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by Susan Olding

Pathologies is an apt title for Kingston, Ontario-based writer Susan Olding’s first book, a collection of personal essays. In each of the 15 pieces, she dissects moments from her own life in the manner of a forensic examiner searching for the root causes of how “things go wrong.” Over the course of the collection, she demonstrates the ability to sculpt and craft a variety of seemingly unrelated “stories” into a continuous narrative, with each vignette flowing nicely into the next.
    Olding begins and ends with the motif of pathology, a field she imbues with significance as it is her father’s profession. Using the metaphor of the pathologist’s microscopic analysis of tissue samples to identify disease, Olding examines the pivotal stages of her life and the numerous roles she has played: the daughter of a brilliant but distant alcoholic, the teacher and counselor of dysfunctional high school students, the reluctant cheerleading coach, the woman unable to bear children, and the writer striving to carve her place in the world.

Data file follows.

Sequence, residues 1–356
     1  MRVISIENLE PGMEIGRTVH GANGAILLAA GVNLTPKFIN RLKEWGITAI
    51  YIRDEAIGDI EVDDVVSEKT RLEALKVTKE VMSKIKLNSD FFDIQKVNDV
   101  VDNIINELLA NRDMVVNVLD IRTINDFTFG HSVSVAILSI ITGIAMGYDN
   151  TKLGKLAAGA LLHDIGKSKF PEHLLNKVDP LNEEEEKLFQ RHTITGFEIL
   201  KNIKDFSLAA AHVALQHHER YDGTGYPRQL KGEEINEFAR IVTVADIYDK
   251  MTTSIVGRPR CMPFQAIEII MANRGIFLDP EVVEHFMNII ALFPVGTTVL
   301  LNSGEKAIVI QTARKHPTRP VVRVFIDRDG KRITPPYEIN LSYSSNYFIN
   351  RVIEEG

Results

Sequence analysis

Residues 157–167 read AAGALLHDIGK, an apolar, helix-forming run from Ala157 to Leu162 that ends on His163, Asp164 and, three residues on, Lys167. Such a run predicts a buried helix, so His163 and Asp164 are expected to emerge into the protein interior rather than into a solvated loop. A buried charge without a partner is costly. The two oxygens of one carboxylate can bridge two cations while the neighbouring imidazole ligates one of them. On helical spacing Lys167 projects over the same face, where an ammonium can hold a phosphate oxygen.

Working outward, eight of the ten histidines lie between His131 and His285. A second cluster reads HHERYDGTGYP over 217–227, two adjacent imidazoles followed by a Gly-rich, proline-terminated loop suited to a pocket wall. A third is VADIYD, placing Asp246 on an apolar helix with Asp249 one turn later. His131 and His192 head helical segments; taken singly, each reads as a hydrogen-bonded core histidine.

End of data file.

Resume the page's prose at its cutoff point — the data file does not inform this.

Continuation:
One of the most compelling and fully developed essays is “Push-Me-Pull-You,” an emotionally-charged account of the author’s struggles to connect with her adopted daughter. Here, Olding relates her experiences with international adoption, and the troubling aftereffects of her young daughter’s early abandonment to a Chinese orphanage.
    Strictly speaking, Pathologies is a collection of essays, but the deeply personal and at times self-reflexive nature of each piece evokes the genre of memoir. Likewise, Olding’s creative blending of straight first-person narrative with unconventional stylistic motifs (lyrical quotations from Keats, symbolic excerpts from medical and other reference sources, temporal shifts, memories) serves to destabilize the traditional definition of the literary essay. Through a series of thoughtful meditations, the reader is left with the singular impression of having witnessed firsthand the creation of a vivid self-portrait.